This box is everything a litter box should be. It’s roomy. It has a strategically positioned cat-friendly entrance that makes it easy even for senior cats to get in and out of the box. The clever design (a slight protrusion across from the entrance) provides a cue for cats to align themselves lengthwise, so you won’t have to worry about urine going outside the box at the low entrance. The sides are high enough even for Miss Ruby and her vertical peeing gyrations.

While I was more concerned about urine spillage, another nice benefit of the high sides is that it also keeps litter contained inside the box. Ruby and Allegra are litter kickers and they both get pretty energetic when it comes to covering what they produce. This box has kept that issue to a minimum. Another plus is that the smooth finish allows litter clumps to easily release from the box’s walls – something that has not been the case with some of the other boxes, where parts of the clumps would stick to the box’s sides and then break into small pieces.

Litter box issues should never be taken lightly, but if you’ve ruled out medical and behavioral issues, you may just have a vertical pee-er!

*The Conscious Cat is a participant in the Amazon Services LLC Associates Program, an affiliate advertising program designed to provide a means for us to earn fees by linking to Amazon.com and affiliated sites. This means that if you decide to purchase through any of our links, we get a small commission. We only spread the word about products and services we’ve either used or would use ourselves.

12 Comments on Is Your Cat a Vertical Pee-er?

  1. Timmy Tomcat
    August 10, 2019 at 8:24 am (3 months ago)

    We took notice of this post right away as Toby is one of these vertical kitties. Dad went through a time of figuring out what the heck was going on as Toby did not do this when he was young but developed the habit after about 5 years old. Of course the vet was consulted and no issues. Dad said he was in the box so that was half the battle. We now have two large covered rubbermaid containers. One is 45 gallon and the other 30 gallon. Both have two hole cut in for easy in and out. Buddy who is pushing 20 uses the bigger one as he can walk in one door look out the other and let go. They work great and we have not need of loads of litter boxes “one for each cat and an extra.” which is ridiculous. In fact our family of 6 only use the larger box leaving the smaller one needing a scoop every other day. Love big boxes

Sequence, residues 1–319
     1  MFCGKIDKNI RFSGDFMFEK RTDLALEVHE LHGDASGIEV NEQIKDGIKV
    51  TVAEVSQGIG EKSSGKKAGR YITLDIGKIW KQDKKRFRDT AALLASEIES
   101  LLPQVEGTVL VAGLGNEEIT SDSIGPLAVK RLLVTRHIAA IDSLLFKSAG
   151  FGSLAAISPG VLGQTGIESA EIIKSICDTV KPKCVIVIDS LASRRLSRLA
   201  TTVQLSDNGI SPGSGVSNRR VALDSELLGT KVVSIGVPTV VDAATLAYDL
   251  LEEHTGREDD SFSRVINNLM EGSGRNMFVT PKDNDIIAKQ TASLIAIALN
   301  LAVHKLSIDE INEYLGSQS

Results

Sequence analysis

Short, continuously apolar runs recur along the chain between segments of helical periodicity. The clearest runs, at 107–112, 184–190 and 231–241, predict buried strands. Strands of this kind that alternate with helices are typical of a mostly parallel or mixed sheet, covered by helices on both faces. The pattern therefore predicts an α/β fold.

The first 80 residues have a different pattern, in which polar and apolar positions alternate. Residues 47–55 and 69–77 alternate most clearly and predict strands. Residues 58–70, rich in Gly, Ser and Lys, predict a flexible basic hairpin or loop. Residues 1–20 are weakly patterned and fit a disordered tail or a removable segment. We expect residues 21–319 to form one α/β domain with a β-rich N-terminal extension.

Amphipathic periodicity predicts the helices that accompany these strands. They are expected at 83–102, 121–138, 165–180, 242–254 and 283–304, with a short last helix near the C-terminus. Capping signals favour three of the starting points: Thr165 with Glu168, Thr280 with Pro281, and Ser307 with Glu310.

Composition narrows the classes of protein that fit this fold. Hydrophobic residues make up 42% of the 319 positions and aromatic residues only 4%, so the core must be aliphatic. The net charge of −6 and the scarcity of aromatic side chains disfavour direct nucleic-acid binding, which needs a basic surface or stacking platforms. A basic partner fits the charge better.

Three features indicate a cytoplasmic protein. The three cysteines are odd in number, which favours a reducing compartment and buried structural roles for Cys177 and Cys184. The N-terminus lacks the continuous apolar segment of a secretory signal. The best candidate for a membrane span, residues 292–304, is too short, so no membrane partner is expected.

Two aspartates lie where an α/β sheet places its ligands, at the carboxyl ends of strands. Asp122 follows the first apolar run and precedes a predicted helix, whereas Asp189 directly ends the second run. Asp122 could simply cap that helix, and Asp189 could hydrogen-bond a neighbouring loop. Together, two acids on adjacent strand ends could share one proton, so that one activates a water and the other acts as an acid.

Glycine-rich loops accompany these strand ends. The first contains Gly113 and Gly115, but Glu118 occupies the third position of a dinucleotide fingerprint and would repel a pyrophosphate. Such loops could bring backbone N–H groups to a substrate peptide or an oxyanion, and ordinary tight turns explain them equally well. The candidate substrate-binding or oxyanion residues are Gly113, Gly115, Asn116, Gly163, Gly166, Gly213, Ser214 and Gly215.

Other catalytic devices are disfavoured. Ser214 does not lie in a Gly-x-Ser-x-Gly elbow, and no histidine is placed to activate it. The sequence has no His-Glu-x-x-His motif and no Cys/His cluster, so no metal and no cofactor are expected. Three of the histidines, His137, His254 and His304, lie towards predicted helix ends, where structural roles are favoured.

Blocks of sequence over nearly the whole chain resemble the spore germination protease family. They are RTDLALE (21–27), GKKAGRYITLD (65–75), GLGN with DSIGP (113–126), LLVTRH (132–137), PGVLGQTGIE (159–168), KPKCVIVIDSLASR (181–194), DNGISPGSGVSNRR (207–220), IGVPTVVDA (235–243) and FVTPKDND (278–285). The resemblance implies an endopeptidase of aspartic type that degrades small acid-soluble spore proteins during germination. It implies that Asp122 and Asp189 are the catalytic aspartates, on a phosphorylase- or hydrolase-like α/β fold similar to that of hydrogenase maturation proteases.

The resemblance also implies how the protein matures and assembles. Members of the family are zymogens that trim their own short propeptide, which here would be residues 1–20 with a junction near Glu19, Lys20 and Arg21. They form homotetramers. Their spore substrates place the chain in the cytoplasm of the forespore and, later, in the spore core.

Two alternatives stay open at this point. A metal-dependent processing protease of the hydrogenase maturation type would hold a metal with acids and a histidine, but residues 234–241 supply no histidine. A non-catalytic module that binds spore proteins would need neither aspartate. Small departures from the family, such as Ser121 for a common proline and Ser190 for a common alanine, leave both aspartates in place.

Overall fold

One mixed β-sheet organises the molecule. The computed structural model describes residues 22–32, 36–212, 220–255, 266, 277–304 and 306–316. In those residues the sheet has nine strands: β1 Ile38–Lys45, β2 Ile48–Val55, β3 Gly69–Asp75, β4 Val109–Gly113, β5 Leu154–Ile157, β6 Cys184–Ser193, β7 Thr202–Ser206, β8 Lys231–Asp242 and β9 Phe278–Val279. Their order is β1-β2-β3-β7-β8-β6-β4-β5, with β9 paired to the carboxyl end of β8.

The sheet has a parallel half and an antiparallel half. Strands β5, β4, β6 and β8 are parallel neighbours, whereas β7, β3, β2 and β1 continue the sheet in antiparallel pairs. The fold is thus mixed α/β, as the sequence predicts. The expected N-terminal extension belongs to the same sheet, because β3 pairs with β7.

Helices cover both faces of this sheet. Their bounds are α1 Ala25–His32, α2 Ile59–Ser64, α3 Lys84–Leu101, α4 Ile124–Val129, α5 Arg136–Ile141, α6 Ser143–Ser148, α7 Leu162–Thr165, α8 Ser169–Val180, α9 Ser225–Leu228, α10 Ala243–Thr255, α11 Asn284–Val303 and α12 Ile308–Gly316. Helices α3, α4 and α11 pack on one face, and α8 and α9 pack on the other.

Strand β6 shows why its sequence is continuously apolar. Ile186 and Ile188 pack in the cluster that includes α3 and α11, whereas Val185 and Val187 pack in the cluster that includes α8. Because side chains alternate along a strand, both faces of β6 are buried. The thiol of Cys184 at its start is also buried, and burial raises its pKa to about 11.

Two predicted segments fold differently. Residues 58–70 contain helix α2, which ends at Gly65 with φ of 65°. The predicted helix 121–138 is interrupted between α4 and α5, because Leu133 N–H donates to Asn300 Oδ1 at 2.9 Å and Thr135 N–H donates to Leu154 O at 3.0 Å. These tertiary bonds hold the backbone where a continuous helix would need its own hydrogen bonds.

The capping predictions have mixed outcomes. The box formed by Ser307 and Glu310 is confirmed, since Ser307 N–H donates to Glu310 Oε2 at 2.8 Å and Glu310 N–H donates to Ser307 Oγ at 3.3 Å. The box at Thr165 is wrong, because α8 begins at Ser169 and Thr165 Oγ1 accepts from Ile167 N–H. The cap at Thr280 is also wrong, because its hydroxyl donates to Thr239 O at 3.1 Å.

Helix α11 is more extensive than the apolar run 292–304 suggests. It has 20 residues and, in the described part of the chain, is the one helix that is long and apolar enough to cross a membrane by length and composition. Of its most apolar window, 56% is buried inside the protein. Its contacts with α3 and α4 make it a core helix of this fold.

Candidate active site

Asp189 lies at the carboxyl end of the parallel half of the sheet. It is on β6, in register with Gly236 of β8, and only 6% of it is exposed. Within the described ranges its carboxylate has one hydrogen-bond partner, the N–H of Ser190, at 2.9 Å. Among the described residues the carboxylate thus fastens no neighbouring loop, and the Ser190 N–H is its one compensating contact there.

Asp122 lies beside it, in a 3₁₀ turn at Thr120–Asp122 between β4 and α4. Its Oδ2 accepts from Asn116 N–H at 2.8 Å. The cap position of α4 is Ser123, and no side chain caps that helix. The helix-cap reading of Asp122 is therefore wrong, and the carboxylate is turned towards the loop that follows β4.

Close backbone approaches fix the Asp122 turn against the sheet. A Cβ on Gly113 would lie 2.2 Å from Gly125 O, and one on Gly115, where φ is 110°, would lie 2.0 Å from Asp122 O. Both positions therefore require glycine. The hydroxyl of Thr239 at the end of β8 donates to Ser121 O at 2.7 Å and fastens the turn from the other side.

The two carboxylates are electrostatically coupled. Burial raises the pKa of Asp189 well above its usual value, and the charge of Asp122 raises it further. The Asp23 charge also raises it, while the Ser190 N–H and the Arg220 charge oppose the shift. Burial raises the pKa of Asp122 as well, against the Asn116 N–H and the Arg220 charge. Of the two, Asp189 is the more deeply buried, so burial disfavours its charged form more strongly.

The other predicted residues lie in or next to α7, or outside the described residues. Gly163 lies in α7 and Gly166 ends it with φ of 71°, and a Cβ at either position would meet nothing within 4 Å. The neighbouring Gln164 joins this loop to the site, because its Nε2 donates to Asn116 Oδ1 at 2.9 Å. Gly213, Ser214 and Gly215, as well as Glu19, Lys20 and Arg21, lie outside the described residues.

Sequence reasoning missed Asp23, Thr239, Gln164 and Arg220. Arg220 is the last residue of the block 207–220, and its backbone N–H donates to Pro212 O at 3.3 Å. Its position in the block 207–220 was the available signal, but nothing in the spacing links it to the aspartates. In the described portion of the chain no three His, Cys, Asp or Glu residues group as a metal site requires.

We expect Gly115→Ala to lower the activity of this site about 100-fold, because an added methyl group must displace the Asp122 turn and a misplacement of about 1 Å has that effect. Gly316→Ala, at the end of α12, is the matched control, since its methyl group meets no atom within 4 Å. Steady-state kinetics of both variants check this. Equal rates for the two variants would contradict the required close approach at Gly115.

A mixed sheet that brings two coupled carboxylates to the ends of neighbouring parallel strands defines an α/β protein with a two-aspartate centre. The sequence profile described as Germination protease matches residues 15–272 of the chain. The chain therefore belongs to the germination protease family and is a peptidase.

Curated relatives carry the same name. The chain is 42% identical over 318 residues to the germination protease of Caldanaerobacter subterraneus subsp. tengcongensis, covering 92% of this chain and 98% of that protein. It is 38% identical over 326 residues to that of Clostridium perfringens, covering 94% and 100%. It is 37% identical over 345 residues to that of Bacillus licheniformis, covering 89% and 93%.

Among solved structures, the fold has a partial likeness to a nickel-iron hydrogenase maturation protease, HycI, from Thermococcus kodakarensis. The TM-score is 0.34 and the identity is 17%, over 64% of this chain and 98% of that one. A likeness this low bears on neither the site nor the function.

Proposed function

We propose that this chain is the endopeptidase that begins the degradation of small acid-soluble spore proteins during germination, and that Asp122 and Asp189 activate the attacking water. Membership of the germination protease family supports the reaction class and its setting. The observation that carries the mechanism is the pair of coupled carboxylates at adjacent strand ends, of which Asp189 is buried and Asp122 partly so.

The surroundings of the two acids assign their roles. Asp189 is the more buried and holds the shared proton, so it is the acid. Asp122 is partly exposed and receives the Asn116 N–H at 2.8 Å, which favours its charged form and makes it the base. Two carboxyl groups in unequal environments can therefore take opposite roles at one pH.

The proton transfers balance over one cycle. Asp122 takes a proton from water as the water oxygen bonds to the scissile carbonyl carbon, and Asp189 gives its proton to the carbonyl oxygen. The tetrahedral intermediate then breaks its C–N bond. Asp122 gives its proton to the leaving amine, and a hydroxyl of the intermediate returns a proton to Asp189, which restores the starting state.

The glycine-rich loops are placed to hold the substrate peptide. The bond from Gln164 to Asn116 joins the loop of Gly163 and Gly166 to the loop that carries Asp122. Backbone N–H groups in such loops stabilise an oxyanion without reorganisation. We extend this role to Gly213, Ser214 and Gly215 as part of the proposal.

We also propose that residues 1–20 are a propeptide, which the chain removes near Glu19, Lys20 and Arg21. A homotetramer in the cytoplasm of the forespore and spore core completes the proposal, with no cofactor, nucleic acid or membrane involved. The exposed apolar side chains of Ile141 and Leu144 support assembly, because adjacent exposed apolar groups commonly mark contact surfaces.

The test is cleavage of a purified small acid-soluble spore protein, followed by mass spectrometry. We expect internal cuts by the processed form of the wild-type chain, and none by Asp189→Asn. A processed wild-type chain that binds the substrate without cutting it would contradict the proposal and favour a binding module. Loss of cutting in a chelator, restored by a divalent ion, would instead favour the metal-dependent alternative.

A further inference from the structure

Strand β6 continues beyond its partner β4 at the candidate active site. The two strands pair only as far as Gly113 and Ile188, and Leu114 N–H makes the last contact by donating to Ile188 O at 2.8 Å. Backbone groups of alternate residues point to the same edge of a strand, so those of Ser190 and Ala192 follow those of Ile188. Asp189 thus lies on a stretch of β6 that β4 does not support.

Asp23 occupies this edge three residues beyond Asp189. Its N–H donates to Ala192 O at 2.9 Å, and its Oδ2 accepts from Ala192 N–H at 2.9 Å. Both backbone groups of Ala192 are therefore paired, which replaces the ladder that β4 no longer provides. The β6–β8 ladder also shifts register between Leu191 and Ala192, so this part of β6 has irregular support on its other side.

Reply
  2. Allison
    August 8, 2019 at 2:10 pm (3 months ago)

    My youngest is a vertical peer. She uses a covered litter box. I’m saving this article for other options.

    Reply
  3. Karen Hernandez
    August 6, 2019 at 7:49 am (4 months ago)

    I too had this issue with an adoptee – since the litter box is under a shelf in my laundry room, I took aluminum foil and taped it to the wall behind the box, letting the edge of the foil drape into the box and wrapping it around the two sides, taping it in place to the shelf bottom. No more puddles on the floor!

    Reply
  4. Terri A Garcia
    August 6, 2019 at 6:59 am (4 months ago)

    I’m so glad to see this article. We rescued a 20 lb ginger male kitty last year and a few months I actually watched him go and it goes straight out from his back end and over the top of the litter boxes. I was shocked! We immediately got rid of our litter boxes and bought 2 35 or so gallon tubs to use as litter boxes. They have worked perfectly. Sometimes he comes pretty close to the top but has never once gone over since the change. Makes me wonder if that’s why his previous owner got rid of him. Such a simple solution, I would done anything to make it work and could never given him back to shelter over this. Thanks for posting..I really thought I had the only weirdo but very loveable kitty. ♡